Legislation in the US Congress that would allow federal law enforcement officials to block websites accused of copyright piracy is necessary because of the vast number of foreign sites trading in infringing music and movies and counterfeit products, two supporters of the bills said.
Current copyright enforcement measures, including criminal and civil copyright infringement lawsuits and takedown notices under the Digital Millennium Copyright Act, are not enough, because they largely can't reach foreign websites engaged in infringement, said Steve Metalitz, a copyright lawyer and partner at the Mitchell, Silberberg and Knupp law firm.
Metalitz defended the US Senate's Protect IP Act and the House of Representative's Stop Online Piracy Act (SOPA) during a debate sponsored by the Congressional Internet Caucus' advisory committee.
Copyright infringement is a huge business, added Chris Israel, a partner in the American Continental Group, a public policy consulting firm, and a former intellectual property enforcement coordinator in President George W Bush's administration. Current tools for copyright owners and law enforcement officials have "some gaps we need to fill," he said.
Some estimates suggest online piracy costs American businesses $200 billion (£125 billion) a year, although those numbers are disputed.
But critics of the two bills said they go too far, particularly SOPA, introduced in late October. SOPA would allow copyright owners to target both US and foreign websites that don't do enough to protect against copyright infringement by their users, said David Sohn, senior policy counsel at the Center for Democracy and Technology, a digital rights group.
SOPA would allow copyright owners to ask payment processors and advertising networks to stop doing business with websites that the copyright holders think are not taking enough action to stop copyright, he said. SOPA would create a "pretty radical restructuring of copyright law," Sohn said.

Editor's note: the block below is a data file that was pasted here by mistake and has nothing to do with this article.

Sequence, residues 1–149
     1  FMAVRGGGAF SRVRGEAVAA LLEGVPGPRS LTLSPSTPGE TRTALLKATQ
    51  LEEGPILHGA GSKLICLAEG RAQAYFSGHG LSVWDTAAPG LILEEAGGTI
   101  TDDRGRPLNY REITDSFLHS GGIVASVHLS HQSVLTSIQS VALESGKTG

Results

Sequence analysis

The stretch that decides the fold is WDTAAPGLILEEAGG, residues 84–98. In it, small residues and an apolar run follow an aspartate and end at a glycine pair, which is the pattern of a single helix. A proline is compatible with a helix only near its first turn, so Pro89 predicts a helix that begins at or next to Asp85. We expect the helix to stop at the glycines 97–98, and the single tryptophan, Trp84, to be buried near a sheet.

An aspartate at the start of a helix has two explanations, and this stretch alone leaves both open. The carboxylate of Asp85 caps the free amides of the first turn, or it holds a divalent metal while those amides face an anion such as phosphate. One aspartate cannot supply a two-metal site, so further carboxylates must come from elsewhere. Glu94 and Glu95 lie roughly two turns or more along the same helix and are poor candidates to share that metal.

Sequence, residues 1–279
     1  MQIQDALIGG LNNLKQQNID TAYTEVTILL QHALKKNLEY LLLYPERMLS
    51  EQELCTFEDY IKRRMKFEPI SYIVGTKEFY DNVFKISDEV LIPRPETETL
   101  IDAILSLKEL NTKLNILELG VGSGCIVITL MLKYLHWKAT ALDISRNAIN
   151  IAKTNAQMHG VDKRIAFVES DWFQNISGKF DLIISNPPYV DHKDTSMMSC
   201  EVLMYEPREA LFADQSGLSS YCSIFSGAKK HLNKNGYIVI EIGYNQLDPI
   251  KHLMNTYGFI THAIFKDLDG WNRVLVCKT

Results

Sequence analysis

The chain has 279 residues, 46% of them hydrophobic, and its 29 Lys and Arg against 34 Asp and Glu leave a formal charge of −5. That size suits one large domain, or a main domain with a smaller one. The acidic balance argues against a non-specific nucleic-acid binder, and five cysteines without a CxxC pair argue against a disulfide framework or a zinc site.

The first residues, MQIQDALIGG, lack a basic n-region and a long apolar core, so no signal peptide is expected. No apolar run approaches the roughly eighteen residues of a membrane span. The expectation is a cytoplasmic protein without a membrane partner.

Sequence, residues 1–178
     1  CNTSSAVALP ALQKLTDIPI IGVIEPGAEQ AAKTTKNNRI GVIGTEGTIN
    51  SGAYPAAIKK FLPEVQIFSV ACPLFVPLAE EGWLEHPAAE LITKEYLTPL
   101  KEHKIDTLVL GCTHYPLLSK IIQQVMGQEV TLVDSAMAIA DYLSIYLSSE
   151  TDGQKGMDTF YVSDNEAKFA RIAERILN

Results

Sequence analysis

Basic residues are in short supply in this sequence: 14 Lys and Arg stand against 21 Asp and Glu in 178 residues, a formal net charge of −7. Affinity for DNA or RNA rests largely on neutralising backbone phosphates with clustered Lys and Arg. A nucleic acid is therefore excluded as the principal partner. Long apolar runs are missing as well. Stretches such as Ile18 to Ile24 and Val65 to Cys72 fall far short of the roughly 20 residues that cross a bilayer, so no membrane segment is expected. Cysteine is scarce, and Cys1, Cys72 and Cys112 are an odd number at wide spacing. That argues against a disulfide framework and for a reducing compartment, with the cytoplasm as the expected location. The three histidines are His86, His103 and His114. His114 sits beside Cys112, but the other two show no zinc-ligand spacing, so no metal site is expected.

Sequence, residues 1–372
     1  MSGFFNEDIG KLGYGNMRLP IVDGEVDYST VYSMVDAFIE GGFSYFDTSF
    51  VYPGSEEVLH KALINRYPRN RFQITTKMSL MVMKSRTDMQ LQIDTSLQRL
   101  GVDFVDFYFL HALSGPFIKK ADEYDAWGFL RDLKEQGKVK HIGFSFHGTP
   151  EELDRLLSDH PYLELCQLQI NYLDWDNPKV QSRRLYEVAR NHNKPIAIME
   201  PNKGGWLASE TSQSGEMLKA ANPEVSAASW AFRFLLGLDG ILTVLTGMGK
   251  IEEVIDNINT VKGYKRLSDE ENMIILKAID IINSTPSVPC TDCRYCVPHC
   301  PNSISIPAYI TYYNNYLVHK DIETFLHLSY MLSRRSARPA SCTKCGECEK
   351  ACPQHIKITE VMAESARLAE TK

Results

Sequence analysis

Cloud computing services, social-networking websites and other online tools in the US and overseas could be targeted in SOPA, and both bills would allow the US Department of Justice to block the domain names of sites accused of copyright infringement.
"Both of the bills we're talking about today raise significant problems and cause significant collateral damage," he said. "Domain-name blocking is a very blunt tool."
With the bills targeting foreign websites for domain-name blocking, Sohn expects that many site owners won't travel to the US to fight the DOJ requests for court orders to block the sites. "It's a burdensome and difficult thing to decide to come to the United States to defend yourself," he said. "I suspect there will be a lot of one-sided cases."
SOPA is "remarkably broad," allowing for courts and copyright owners to broadly define what sites encourage copyright infringement, added Larry Downes, senior adjunct fellow at TechFreedom, a tech-focused, antiregulation think tank. SOPA would allow the DOJ to shut down sites that enable or facilitate copyright infringement, according to the language in the bill.
Earlier yesterday, backers of SOPA distributed a recent letter from free speech lawyer Floyd Abrams to sponsors of the legislation. Abrams discounted concerns from opponents that the legislation would lead to the blocking of websites that include protected speech under the First Amendment of the US Constitution.
"The notion that adopting legislation to combat the theft of intellectual property on the internet threatens freedom of expression and would facilitate, as one member of the House of Representatives recently put it, 'the end of the internet as we know it,' is insupportable," Abrams wrote. "Copyright violations have never been protected by the First Amendment and have been routinely punished wherever they occur, including the internet. This proposed legislation is not inconsistent with the First Amendment; it would protect creators of speech, as Congress has done since this nation was was founded, by combating its theft."
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